With intrigue on top of intrigue it can be difficult to tell friend from foe from random person on the street. But this is the situation Thomas finds himself in as he journeys (with a very unexpected group of people) to the city of Magnus, intent on conquering it to rule as his own.
Having studied and developed quite an ingenious plan to take the city, he now just needs to get there in one piece and make sure he trusted the right people. The intrigue was very exciting and I was constantly trying to guess, right along with Thomas, who was truly good and who was out to stop him.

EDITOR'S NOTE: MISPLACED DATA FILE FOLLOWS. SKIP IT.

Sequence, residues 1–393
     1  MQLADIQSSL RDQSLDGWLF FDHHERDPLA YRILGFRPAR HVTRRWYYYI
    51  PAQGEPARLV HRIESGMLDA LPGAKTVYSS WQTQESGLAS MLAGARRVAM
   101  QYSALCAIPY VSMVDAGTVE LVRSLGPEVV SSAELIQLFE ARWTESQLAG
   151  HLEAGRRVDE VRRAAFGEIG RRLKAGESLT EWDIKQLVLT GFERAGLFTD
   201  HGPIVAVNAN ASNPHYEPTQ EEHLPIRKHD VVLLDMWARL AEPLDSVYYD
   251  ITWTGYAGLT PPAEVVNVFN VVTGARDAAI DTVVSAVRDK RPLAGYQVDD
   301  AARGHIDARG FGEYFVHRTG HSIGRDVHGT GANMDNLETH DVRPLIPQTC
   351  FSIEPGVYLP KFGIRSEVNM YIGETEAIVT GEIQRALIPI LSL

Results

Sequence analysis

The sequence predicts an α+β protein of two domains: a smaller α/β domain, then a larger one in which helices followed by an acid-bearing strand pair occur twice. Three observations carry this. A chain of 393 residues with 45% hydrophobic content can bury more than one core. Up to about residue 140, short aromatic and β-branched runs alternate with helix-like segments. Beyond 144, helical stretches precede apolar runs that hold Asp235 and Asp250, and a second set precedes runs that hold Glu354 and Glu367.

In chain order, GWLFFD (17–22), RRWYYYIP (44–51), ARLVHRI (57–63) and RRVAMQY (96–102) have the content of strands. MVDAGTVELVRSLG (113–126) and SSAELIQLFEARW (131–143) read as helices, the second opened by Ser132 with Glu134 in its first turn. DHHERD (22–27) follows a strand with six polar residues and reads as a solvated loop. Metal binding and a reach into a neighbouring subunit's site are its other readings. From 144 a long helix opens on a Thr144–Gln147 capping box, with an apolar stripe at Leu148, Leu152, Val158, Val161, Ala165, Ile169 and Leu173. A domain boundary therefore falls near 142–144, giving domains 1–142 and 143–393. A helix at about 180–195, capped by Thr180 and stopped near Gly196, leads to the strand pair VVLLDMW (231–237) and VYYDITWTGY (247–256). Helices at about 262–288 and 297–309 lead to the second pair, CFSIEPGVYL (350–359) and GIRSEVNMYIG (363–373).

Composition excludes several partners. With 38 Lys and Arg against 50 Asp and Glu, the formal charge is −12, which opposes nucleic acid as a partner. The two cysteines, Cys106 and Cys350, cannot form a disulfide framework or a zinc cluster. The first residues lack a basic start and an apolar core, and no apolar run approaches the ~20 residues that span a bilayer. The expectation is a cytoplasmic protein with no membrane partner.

The ending was quite a surprise to me and set the stage for the second book very nicely.
Set in the Middle Ages with princes, princesses, and hints of the Knights of the Round Table, you will travel on the edge of your seat with Thomas as he sets out on a journey, with his mysterious new friends,to accomplish the last request of his dying mother. Morals, honor, and hope of the knowledge of unconditional love seal the deal on this book for me.
Sigmund has a special way of smoothly moving us through his stories, yet creating energy and expectancy for the next turn in the story.
The only problem with this book is that I have to wait until February to read the next in the series of Merlin's Immortals.